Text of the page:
Revitalizing a stigmatized neighborhood
A community-driven initiative has revitalized a disadvantaged neighborhood in Salem, Massachusetts, through public art, affordable housing, historic rehabilitation, and wide-ranging community projects.
The transformation of The Point, a 50-acre immigrant neighborhood with a large Dominican population, began in 2013 with a Vision and Action plan that quickly moved to implementation. “With 32 historic buildings, 350 affordable homes, more than 75 murals, The Point has received investments of over $89 million in development costs and $1.4 million in infrastructure investment,” according to the North Shore Community Development Coalition. “We invested $250,000 in the creation of PUAM (Point Urban Art Museum) to bring public art to the area and reduce the stigma of The Point.”
The 10-year El Punto Neighborhood Revitalization focused on three key strategies:
- Housing stability: With plenty of low-cost, absentee landlord-owned housing, there remained a severe shortage of high-quality affordable housing.
- Private-public investment: There was almost a complete lack of private investment in the neighborhood, despite the proximity to the rest of downtown Salem.
- Reduce stigma: Stigma was directed at The Point and the families and individuals who reside there, rooted in segregation and xenophobia.
One of the more unusual and noteworthy developments in the neighborhood, the outdoor museum PUAM was launched in 2017. Focused on a three-block radius at the north end of The Point, PUAM consists of more than 75 large-scale murals as long-term installations by world-renowned and local artists, as well as a smaller collection of rotating murals/exhibitions.
“These murals are not just about beautifying the area, but transforming the way people identify with the Point neighborhood. This creates such a positive experience for residents who live inside and outside of the neighborhood,” says Mayor Kimberley Driscoll.
The plan identified the need for community space in the densest neighborhood in Salem. The answer is Espacio, a 2,000 square foot community space that is centrally located on the first floor of a Coalition affordable housing property. Community partners offer 30 programs a month in English as a second language, financial literacy, a mobile food pantry, immigration classes, tax preparation services, a pop-up library, and more. Residents get free Internet and the space is also reserved for community and family events for a nominal fee.
A small business incubator has been set up in a previously vacant storefront in the neighborhood, to help small business owners in the Point. The incubator offers assistance in marketing, branding, merchandising, and other skills. An old bowling alley was converted to a youth development workshop with programs to develop job skills and other important qualities.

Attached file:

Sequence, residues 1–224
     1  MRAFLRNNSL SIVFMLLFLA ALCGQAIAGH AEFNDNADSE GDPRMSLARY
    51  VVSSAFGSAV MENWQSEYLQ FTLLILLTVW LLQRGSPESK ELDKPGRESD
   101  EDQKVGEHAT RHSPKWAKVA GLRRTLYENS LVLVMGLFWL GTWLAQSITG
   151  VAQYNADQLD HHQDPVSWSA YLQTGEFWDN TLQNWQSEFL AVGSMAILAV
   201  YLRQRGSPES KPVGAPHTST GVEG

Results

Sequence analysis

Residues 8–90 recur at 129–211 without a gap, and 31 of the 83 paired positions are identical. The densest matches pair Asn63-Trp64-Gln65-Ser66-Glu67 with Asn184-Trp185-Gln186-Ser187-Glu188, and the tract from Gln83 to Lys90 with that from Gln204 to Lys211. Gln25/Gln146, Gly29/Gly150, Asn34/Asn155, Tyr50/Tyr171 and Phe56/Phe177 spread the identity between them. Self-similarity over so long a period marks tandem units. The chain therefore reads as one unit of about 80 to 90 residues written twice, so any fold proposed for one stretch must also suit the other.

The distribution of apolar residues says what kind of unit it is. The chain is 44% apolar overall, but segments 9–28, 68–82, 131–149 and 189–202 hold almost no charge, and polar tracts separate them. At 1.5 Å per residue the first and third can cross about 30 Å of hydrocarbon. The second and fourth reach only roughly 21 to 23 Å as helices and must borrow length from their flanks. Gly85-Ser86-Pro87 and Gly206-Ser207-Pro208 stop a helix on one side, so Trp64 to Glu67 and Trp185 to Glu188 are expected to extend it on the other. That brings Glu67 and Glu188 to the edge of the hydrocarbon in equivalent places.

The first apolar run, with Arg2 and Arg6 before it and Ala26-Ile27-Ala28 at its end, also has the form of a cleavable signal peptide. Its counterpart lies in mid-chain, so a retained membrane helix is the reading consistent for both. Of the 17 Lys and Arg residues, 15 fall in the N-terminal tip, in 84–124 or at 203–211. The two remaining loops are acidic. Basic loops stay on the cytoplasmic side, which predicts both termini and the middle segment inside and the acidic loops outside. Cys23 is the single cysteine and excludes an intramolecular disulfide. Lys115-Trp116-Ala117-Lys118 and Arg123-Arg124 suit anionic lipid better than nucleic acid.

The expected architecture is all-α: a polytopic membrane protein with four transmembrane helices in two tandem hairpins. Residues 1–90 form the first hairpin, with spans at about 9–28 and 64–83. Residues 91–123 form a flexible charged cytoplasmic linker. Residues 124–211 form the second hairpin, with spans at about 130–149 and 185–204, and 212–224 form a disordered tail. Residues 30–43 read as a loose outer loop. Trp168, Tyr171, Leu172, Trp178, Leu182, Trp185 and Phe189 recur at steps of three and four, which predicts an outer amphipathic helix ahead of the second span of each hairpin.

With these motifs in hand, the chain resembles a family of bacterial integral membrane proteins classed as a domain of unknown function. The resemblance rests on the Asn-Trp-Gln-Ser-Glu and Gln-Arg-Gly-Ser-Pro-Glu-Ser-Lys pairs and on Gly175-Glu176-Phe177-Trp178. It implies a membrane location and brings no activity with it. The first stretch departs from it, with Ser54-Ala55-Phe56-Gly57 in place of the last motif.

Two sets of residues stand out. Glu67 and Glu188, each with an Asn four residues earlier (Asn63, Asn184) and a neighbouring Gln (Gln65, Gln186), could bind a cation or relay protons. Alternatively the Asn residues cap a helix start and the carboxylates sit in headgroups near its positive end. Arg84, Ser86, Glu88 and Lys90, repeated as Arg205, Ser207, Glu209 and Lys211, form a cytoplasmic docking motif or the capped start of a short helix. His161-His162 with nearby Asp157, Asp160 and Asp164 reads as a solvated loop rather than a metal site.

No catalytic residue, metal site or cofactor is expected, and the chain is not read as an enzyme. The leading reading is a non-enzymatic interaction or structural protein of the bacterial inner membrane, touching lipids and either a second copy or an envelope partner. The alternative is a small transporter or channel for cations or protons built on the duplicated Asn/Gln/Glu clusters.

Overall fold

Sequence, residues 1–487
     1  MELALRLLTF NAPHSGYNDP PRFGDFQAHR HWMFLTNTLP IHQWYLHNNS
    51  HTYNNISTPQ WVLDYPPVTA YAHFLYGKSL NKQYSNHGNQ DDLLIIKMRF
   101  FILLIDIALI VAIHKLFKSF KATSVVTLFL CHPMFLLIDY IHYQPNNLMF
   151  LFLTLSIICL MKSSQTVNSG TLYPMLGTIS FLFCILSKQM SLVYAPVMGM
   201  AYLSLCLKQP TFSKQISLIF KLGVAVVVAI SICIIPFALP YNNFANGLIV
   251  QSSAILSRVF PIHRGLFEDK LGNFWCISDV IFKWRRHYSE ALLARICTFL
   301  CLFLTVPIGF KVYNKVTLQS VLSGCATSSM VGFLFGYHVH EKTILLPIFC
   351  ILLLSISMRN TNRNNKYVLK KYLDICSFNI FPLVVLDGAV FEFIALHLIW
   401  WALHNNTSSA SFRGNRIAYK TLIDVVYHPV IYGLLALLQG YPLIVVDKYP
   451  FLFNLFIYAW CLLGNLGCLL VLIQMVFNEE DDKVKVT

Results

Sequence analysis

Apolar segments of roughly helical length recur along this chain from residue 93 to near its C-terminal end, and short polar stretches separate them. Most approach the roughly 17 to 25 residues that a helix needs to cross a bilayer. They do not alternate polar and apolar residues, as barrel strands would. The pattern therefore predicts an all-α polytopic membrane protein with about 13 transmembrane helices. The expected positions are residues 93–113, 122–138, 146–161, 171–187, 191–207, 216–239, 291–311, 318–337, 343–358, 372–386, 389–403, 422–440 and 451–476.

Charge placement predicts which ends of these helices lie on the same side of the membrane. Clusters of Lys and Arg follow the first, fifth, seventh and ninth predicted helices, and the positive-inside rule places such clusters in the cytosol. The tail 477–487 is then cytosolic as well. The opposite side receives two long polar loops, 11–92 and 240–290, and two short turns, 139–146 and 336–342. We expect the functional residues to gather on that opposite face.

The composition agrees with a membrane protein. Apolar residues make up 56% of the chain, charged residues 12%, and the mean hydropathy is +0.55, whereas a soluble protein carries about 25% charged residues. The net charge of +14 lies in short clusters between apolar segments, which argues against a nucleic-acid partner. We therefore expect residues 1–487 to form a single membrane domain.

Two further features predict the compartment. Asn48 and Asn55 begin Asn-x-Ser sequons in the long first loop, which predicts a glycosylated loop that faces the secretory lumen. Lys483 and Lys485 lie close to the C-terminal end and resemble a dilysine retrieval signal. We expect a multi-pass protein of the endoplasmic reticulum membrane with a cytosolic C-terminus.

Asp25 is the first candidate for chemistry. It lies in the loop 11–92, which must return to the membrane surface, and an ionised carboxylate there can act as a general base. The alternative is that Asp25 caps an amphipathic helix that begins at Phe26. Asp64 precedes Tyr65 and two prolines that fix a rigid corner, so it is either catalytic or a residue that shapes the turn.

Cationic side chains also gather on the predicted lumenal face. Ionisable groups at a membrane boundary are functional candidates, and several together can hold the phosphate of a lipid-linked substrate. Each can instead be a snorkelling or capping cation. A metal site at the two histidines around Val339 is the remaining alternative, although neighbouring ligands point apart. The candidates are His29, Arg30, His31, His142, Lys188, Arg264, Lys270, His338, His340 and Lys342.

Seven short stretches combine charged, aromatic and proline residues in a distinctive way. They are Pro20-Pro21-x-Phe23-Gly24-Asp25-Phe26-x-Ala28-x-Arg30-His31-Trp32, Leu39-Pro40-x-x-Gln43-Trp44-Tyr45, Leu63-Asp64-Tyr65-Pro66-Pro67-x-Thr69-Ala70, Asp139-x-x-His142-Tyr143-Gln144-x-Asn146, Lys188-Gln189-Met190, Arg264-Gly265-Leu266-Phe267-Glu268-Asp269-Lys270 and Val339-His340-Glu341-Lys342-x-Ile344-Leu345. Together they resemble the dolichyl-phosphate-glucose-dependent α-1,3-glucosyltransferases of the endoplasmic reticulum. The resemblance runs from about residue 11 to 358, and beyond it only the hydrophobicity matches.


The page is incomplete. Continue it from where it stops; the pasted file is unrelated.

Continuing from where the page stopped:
“Inner” and “outer” work
The revitalization has two distinct parts. What the Coalition calls “inner work” began with its public engagement process and developing resilience within the community. Inner work included affordable housing development in multiple buildings across many blocks, resident engagement and leadership development, and ensuring project cohesion. “We came to the project with a commitment to equity; focused on serving the neighborhood’s long-term residents first and newcomers later,” the Coalition reports.
The “outer work” began after the initial work was well underway, and was focused on engaging and inviting the larger community in. PUAM is a primary example. The art museum built on Salem’s strong tourist economy to bring visitors and leverage investments from the city, state, and philanthropic groups. The murals showcase the neighborhood’s cultural heritage and promote resilience. The art on deed-restricted affordable housing reinforces a notion of a “high quality low-income” neighborhood, says the Coalition.
The neighborhood revitalization is remarkably comprehensive in scope. Still other programs focused on storefront revitalization, special events, and public spaces. A renovation and redesign of Palmer Cove, a large public park on the ocean, is being completed in 2022. Three neighborhood parks were renovated in 2017 and 2018.
“What sets the Salem project apart is it’s scale, and also the determination that the neighborhood remains one that belongs to the people who have lived here all along,” reports The Boston Globe.
Charter Awards will be presented at CNU 30 in Oklahoma City, on Friday, March 25.
El Punto Neighborhood Revitalization
- North Shore Community Development Coalition: Principal firm
- City of Salem: Local funder, improved sidewalks and streets
- Davis Square Architects: Architect
- ICON Architects: Architect
- Local and international artists: Participants in Punto Urban Art Museum
- Department of Housing and Community Development: Development team/lender
- Enterprise Community Partners: Development team/lender
- MassDevelopment: Development team/lender
- Eastern Bank: Development team/lender
- Barr Foundation: Development team/lender
2022 Charter Awards Jury
- Andrew von Maur (chair), Professor of Architecture at Andrews University in Berrien Springs, Michigan
- Maria Fernanda Sanchez, Co-Founder and Director of Estudio Urbano in Guatemala City, Guatemala
- Wendell Joseph, Project Planner with Toole Design Group in Boston, Massachusetts.
- Jaime Correa, Director of the Undergraduate Program and Associate Professor in Practice at the University of Miami School of Architecture, Coral Gables, Florida
- Megan O’Hara, Principal, Urban Design Associates in Pittsburgh, Pennsylvania